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Elderly nun among those convicted in nuclear site break-in

By Catholic Online (NEWS CONSORTIUM)
May 9th, 2013
Catholic Online (www.catholic.org)

An elderly nun along with two other peace activists have been convicted by a U.S. federal jury for breaking into a defense facility where enriched uranium used in nuclear bombs was being stored. Sister Megan Rice, 82 at the time of the incident, along with Michael Walli and Greg Boertje-Obed admitted cutting fences and making their way across the Y-12 National Security Complex in Oak Ridge, Tennessee in July of 2012. The incident has thoroughly embarrassed U.S. officials and has prompted security changes.

LOS ANGELES, CA (Catholic Online) - Rice stood and smiled when the verdict was read after two-and-a-half hours of jury deliberation. Supporters of the protestors began to cry before singing a hymn as the judge left the courtroom.

Their convictions carry a prison sentence of up to 20 years. The three were also found guilty of causing more than $1,000 of damage to U.S. government property, which is punishable by up to 10 years in prison. All three have been convicted of damaging a national defense premises under the sabotage act. Detained overnight, the defendants will appear at a detention hearing this week.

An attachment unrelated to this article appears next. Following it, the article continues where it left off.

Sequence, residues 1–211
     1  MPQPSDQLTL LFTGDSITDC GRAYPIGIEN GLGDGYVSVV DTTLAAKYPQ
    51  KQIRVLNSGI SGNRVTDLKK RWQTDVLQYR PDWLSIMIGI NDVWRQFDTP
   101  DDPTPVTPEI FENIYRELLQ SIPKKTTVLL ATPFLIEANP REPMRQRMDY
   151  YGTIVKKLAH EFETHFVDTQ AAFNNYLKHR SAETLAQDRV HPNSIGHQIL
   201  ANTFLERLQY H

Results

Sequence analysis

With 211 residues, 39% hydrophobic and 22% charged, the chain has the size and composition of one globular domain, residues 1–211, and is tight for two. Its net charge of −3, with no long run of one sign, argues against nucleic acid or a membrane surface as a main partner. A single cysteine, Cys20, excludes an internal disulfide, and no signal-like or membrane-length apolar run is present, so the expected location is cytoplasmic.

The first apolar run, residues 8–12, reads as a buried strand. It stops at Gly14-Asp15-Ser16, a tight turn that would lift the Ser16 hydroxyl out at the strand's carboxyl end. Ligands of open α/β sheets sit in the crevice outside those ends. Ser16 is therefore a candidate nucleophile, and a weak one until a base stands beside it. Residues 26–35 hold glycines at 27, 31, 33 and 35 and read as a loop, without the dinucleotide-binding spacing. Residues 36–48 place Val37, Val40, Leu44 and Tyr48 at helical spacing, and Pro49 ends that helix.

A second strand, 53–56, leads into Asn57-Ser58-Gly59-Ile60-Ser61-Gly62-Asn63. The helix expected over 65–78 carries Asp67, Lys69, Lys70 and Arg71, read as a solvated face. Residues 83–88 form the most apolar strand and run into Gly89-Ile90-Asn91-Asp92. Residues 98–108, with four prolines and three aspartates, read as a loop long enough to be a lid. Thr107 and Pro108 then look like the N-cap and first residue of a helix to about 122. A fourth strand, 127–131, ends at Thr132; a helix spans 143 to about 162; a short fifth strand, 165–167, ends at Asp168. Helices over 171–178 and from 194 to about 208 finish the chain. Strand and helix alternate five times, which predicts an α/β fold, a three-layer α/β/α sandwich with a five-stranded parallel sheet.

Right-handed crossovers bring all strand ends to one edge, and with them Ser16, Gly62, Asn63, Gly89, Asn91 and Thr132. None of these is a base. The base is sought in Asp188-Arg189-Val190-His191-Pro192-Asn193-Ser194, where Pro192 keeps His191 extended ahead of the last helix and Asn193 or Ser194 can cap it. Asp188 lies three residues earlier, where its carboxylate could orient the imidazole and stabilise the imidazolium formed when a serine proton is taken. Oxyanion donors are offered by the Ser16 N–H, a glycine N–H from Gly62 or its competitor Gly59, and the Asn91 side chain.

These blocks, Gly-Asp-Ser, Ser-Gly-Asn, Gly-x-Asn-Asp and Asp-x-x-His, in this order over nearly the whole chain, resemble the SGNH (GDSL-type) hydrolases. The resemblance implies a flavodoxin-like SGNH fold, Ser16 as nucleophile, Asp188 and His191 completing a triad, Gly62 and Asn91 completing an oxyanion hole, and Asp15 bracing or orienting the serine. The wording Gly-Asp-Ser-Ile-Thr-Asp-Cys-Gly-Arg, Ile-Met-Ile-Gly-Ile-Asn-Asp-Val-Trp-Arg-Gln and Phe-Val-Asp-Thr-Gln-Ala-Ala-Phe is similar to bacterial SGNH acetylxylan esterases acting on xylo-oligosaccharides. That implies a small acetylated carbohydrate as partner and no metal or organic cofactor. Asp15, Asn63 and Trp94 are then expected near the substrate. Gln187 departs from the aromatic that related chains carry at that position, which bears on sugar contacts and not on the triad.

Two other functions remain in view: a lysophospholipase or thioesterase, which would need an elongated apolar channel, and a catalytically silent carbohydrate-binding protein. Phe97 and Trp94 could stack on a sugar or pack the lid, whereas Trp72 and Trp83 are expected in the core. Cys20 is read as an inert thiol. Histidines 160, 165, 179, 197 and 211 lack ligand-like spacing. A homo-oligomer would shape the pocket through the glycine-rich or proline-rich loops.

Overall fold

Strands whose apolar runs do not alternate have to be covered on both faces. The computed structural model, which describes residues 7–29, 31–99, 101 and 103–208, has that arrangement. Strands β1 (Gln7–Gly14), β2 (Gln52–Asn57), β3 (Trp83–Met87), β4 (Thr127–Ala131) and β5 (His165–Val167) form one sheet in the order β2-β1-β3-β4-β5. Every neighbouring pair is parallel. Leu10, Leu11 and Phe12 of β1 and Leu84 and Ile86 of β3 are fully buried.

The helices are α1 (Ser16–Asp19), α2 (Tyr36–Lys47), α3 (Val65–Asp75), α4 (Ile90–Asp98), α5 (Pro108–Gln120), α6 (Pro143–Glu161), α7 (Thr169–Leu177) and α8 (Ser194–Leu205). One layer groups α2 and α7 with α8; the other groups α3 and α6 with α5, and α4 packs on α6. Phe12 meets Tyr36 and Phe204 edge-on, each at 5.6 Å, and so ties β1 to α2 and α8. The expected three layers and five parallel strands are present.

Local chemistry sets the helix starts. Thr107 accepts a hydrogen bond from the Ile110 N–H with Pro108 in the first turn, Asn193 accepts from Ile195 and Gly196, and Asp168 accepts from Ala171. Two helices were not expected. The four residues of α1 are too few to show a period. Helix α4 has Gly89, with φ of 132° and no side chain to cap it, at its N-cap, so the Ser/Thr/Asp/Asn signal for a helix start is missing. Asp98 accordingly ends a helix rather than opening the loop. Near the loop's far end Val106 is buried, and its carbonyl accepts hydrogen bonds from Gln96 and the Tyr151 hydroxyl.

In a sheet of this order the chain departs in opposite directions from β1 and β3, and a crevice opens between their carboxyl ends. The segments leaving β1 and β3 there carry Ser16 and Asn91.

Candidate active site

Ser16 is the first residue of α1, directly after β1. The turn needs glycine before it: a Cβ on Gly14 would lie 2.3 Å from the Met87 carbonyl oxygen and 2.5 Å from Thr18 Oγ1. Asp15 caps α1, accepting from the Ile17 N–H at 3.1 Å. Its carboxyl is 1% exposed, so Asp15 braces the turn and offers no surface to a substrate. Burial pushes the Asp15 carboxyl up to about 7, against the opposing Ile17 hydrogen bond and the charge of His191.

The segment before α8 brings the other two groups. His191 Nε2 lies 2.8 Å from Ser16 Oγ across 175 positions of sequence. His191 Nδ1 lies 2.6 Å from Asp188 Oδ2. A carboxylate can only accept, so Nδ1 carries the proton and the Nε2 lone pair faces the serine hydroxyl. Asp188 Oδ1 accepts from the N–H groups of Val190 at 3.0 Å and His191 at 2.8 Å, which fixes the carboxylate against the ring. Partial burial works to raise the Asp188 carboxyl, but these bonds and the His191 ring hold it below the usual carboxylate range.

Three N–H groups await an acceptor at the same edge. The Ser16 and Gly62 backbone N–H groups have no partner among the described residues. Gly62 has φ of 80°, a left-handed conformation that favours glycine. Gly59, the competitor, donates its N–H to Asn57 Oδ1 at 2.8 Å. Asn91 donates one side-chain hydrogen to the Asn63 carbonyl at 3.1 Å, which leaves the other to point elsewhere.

All three admitted to cutting several fences, walking through the complex for hours, spray-painting slogans and hammering on the walls of the facility. When Security Officer Kirk Garland confronted them, they offered him food and began singing.

Defense attorneys said the activists, who belong to a group called Transform Now Plowshares, had taken part in a symbolic break-in that did not harm the facility. Attorneys argue that they had no intent to harm the facility. The damages rendered were placed at more than $8,500 by the prosecution and was overstated, they said.

"Our country is not threatened by three people who get senior discounts walking onto their (base)," Walli's attorney, William Quigley, told jurors.

Prosecutors contended that the break-in at Y-12, the primary U.S. site for processing and storage of enriched uranium, disrupted operations, endangered U.S. national security and caused physical damage to the facility, describing the site as the "Fort Knox" of U.S. nuclear installations.

In addition to Sister Meghan Rice, Walli was 63 and Boertje-Obed 57 at the time.

Boertje-Obed said the defendants had "exposed that the emperor does not have real security. Nuclear weapons do not provide security ... our actions were providing real security and exposing false security."

He also testified that it was "a miracle" that the activists could walk from a church parking lot over a ridge and reach the building deep inside the facility grounds.

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